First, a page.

If I am forced by circumstance to teach them on GNU/Linux, I constantly and consistently pound it into my students' heads never to use GNU constructs or GNU specific features; by the time I'm done, they are able to write clean, portable programs in shell which work on any UNIX-like platform without any modification, and ditto for C programs. I purposely teach them to stay the hell away from bash(1), and use either the original Bourne or Korn shells to program.
If they are apprenticed to me for a long enough time, I will also cover complete UNIX system, network, and security administration (up to and including locking down the system and configuring the firewall and IPsec); by the time I cover the material, any of my students should be able to take on and pass a Solaris system administration exams and get certified. And with that knowledge and some shallow preparation, they can then easily ace the redhat Enterprise Linux certification exams.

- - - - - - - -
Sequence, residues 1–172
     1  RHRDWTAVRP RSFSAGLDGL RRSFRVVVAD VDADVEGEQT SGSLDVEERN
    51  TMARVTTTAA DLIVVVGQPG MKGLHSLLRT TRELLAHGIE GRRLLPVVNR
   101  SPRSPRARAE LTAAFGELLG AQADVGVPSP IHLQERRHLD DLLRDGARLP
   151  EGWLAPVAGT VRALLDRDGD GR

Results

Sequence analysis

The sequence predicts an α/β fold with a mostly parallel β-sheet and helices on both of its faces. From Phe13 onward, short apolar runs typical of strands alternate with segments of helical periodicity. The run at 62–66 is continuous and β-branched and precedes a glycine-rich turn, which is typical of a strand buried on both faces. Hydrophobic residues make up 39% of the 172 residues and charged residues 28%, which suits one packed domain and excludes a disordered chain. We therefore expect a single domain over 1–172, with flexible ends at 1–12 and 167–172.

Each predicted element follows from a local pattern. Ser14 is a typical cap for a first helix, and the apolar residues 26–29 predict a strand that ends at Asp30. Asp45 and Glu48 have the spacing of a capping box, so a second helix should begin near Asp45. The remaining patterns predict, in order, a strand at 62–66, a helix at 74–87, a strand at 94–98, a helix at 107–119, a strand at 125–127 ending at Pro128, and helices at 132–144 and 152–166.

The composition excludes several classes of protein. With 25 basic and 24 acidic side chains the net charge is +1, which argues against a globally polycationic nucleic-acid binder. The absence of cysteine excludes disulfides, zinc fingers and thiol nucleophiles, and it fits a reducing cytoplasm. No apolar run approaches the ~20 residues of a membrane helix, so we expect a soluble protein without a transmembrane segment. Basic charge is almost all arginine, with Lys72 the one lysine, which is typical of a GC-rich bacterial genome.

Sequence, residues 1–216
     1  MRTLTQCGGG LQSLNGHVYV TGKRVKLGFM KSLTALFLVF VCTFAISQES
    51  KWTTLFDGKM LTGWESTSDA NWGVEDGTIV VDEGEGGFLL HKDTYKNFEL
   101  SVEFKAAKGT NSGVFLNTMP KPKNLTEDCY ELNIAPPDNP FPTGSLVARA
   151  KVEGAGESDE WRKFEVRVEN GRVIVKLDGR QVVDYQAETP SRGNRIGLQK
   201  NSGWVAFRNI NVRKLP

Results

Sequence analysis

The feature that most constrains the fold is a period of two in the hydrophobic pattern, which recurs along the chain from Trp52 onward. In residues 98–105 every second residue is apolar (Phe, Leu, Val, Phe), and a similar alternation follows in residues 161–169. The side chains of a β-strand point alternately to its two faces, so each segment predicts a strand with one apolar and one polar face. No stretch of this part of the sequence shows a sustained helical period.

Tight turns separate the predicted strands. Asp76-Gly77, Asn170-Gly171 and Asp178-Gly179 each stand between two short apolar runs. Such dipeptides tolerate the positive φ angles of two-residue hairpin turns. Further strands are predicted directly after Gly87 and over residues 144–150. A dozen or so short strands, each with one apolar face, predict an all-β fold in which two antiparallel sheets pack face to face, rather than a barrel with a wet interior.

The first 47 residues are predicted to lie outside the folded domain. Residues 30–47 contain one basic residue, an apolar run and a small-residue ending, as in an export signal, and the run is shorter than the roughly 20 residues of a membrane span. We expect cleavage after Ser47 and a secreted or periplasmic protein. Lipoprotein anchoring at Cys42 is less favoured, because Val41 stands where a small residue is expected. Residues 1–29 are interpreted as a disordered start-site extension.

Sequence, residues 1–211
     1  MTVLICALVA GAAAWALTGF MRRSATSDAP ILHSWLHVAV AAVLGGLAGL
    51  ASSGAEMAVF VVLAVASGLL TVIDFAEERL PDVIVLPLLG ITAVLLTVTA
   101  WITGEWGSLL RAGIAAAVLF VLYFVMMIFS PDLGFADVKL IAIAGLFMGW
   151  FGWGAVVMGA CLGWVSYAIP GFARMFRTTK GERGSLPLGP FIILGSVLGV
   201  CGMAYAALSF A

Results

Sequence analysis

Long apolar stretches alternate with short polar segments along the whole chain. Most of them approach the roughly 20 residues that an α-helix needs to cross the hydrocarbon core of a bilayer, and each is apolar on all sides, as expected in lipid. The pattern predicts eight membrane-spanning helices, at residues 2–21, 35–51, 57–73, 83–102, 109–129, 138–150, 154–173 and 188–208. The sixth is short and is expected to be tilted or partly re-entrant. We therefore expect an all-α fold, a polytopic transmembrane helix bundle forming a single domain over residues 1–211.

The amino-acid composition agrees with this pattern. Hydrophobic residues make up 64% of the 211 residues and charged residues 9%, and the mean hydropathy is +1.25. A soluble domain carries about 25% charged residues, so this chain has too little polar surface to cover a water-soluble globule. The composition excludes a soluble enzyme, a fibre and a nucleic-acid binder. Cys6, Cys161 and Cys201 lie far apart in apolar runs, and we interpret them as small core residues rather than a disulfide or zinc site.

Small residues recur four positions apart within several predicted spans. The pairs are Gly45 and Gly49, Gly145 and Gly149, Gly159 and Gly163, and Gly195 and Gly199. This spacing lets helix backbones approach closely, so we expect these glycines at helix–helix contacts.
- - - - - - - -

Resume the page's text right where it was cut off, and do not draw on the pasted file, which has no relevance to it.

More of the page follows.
Next, I cover SQL and database administration. Usually the places I work / consult at have Oracle, so I teach them how to administer an Oracle database, show them where the documentation can be found, and generally prepare them to take the Oracle database administration exam. If we have it, I will also cover PostgreSQL, and I cover SQLite. Finally, I show them all the bugs and all the issues in MySQL with a warning to stay the hell away from it and never use it for projects. By the time I'm done with them, they are comfortable taking on a database administrator's job or programming applications in PL/SQL inside of the Oracle database. And where there is Oracle, sooner or later, there is Automatic Storage Manager (ASM), so covering that inevitably leads to covering storage area network administration on the OS side, which ties into their UNIX administration I taught them earlier.